There has been a lot of discussion in the past few years about how much impact Milton Friedman’s ideas and work have had on economic thinking and economic policy. Some critics of Friedman have exaggerated it. For example, in 2018, Larry Kramer of the Hewlett Foundation, in a scathing attack on Friedman, wrote:

Government regulation may persist in many arenas, but in the years since [Friedrich] Hayek’s and Friedman’s economic philosophy—now called “neoliberalism”—became ascendant, it has reshaped everything. Fiscal policy, monetary policy, labor policy, trade policy, welfare policy, and industrial policy, to name only a few, have been fundamentally altered in line with the ideas of Hayek and Friedman and their followers.

Kramer went on to say why he thought this influence was negative.

Other critics have claimed the opposite: that Friedman’s long-run impact is virtually zero. In “The End of Friedmanomics,” a particularly nasty recent article in the New Republic, Zachary D. Carter, a writer in residence with the Omidyar Network and the above-mentioned Hewlett Foundation, quotes Columbia University economist Jeffrey Sachs as follows: “Almost nothing remains of his intellectual legacy. It has proven to be a disastrous misdirection for the world’s economies.” Unfortunately, Carter doesn’t elaborate on Sachs’s point. But clearly we have two extremes here. The Hewlett Foundation, it appears, is open to a range of viewpoints on Milton Friedman as long as they’re negative.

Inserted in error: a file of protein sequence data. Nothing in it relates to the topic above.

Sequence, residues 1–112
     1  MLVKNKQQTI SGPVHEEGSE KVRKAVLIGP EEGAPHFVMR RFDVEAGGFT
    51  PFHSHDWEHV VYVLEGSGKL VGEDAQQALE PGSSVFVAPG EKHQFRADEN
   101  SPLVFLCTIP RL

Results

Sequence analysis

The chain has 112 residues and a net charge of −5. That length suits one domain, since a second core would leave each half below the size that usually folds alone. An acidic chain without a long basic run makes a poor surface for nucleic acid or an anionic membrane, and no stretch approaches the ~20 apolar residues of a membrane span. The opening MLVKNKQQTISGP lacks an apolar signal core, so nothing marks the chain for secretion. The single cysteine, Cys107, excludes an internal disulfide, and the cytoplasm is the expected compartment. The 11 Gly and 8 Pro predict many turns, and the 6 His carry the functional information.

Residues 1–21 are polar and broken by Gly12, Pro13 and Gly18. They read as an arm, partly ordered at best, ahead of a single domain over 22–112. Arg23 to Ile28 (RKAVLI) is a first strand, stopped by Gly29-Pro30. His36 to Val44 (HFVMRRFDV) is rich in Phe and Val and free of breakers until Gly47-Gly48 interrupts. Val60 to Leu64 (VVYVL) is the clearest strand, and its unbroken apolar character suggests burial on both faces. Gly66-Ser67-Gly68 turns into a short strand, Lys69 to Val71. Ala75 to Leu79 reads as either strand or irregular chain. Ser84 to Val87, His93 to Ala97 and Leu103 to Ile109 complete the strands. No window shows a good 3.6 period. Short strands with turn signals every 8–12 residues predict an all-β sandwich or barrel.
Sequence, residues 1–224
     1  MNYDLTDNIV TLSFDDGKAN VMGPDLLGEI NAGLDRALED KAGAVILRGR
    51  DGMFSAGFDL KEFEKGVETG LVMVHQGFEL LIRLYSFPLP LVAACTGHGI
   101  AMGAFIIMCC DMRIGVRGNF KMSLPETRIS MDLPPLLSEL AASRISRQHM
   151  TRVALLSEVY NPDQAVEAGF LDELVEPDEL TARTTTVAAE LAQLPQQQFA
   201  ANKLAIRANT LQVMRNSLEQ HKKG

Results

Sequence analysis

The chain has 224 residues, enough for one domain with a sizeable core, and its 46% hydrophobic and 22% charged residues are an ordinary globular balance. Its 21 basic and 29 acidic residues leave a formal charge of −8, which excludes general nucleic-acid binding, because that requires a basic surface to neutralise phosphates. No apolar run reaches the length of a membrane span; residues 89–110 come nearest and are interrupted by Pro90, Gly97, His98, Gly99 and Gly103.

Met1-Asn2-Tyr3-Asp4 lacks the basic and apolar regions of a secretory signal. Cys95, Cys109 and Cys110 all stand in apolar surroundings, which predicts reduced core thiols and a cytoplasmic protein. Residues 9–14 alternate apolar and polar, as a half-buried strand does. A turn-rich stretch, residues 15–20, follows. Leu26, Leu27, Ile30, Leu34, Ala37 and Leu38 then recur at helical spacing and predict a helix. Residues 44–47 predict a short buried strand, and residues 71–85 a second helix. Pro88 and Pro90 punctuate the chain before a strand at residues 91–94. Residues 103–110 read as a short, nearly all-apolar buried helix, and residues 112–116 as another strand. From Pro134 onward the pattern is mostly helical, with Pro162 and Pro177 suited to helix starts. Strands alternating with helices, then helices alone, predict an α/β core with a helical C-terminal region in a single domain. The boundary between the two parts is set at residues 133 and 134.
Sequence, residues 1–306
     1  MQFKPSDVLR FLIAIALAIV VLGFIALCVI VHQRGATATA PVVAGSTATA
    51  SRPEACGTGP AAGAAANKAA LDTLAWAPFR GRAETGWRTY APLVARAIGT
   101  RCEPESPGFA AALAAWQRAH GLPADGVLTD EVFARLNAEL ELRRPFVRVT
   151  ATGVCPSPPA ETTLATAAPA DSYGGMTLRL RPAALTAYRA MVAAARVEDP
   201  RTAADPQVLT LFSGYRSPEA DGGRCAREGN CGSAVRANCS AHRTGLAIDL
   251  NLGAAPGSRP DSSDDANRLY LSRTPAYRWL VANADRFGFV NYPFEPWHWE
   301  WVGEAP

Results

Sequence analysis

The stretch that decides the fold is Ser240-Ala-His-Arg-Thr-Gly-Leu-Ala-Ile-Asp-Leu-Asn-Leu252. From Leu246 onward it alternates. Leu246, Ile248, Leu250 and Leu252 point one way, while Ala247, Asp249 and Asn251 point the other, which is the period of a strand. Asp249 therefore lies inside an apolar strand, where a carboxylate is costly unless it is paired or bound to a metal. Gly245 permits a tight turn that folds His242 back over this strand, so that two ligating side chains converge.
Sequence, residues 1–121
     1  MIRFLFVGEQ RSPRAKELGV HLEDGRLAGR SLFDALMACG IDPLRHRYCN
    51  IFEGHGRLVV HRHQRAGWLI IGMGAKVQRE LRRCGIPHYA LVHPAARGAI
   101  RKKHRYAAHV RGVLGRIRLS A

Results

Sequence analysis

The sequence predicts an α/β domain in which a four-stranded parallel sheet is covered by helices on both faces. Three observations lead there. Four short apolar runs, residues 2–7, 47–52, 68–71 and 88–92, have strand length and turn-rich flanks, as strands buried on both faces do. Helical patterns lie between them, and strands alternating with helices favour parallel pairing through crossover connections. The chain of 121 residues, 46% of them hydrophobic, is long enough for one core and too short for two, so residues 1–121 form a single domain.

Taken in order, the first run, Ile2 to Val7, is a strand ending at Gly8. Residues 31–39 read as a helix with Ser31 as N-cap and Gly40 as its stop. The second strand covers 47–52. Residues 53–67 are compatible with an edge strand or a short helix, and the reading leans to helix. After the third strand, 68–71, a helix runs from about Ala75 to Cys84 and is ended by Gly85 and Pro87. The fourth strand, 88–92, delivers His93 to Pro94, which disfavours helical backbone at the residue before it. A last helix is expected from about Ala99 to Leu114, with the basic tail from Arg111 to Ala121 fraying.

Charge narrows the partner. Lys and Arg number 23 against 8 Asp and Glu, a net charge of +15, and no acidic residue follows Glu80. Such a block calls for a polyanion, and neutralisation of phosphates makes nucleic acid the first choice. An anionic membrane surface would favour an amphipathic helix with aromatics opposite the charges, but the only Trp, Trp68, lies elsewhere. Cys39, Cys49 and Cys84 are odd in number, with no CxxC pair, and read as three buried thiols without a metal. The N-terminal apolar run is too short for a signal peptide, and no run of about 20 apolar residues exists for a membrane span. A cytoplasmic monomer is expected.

The truth is somewhere between the two extremes. While Milton Friedman has not had as much effect on economic thinking and policy as many of us free market advocates would like, he has nevertheless had a huge impact.

On economic thinking, the following of Friedman’s ideas have held up well: that monetary policy is potent; that a contraction in the money supply between 1929 and 1933 helped put the “Great” in “the Great Depression”; that inflation “is always and everywhere a monetary phenomenon”; and that there is no long-run tradeoff between inflation and unemployment. On economic policy, his attribution of inflation to monetary policy rather than to unions or corporate monopolies has strengthened the hand of the Federal Reserve in fighting inflation. In the early 1970s, he opposed President Nixon’s economy-wide price controls as a way to end inflation. Although he was arguably in the minority in the economics profession at the time, most economists today would oppose such controls and their opposition has so far helped dissuade the federal government from imposing them. His activism in the late 1960s and early 1970s to end military conscription bore fruit: the draft was ended on January 27, 1973.